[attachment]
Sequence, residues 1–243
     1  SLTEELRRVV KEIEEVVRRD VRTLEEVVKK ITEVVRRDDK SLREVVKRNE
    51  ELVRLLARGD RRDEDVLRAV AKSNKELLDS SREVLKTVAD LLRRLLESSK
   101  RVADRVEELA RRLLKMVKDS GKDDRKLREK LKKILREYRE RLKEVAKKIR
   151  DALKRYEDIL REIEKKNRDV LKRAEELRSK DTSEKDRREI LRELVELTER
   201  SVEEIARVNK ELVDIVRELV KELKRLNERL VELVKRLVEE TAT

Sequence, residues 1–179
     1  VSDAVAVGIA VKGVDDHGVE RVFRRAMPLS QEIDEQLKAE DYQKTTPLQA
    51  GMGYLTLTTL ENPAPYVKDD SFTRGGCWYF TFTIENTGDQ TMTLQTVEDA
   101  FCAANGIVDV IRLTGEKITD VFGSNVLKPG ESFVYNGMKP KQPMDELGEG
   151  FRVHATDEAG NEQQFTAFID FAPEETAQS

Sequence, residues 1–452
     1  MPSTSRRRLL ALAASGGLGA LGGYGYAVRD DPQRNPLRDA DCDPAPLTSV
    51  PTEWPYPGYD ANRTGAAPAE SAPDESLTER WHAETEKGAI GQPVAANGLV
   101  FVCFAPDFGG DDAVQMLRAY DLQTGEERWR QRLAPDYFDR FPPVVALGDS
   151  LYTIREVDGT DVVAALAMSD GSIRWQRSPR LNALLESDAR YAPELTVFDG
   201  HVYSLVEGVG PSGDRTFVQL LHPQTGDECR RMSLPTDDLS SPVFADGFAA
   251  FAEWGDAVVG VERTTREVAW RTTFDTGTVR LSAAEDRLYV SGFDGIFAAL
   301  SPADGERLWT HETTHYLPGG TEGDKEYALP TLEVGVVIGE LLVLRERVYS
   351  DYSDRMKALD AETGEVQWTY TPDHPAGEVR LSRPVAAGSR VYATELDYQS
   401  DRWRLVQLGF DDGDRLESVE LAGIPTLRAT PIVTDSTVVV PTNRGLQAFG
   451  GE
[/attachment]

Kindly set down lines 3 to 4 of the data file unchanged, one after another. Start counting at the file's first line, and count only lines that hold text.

    51  ELVRLLARGD RRDEDVLRAV AKSNKELLDS SREVLKTVAD LLRRLLESSK
   101  RVADRVEELA RRLLKMVKDS GKDDRKLREK LKKILREYRE RLKEVAKKIR